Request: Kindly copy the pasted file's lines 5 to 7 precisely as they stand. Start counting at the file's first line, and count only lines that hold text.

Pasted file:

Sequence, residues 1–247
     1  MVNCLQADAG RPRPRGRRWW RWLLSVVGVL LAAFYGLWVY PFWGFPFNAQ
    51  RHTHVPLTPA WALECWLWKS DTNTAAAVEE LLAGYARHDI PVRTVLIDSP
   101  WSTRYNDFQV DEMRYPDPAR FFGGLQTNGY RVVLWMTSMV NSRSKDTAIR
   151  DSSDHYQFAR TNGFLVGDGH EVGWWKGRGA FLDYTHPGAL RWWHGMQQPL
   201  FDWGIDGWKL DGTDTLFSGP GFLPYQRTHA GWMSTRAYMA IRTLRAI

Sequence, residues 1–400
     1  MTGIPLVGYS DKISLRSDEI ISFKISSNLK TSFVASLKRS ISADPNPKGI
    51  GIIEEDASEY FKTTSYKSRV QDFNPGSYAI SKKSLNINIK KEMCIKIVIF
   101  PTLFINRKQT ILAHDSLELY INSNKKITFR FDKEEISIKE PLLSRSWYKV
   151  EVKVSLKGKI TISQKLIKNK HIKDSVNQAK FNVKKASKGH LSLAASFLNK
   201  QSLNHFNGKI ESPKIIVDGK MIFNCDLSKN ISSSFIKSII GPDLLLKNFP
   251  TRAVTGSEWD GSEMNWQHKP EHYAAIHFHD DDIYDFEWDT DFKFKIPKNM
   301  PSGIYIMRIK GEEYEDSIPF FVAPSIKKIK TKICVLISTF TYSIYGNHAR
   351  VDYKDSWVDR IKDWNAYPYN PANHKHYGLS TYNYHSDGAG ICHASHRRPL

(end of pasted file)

   151  DSSDHYQFAR TNGFLVGDGH EVGWWKGRGA FLDYTHPGAL RWWHGMQQPL
   201  FDWGIDGWKL DGTDTLFSGP GFLPYQRTHA GWMSTRAYMA IRTLRAI

Sequence, residues 1–400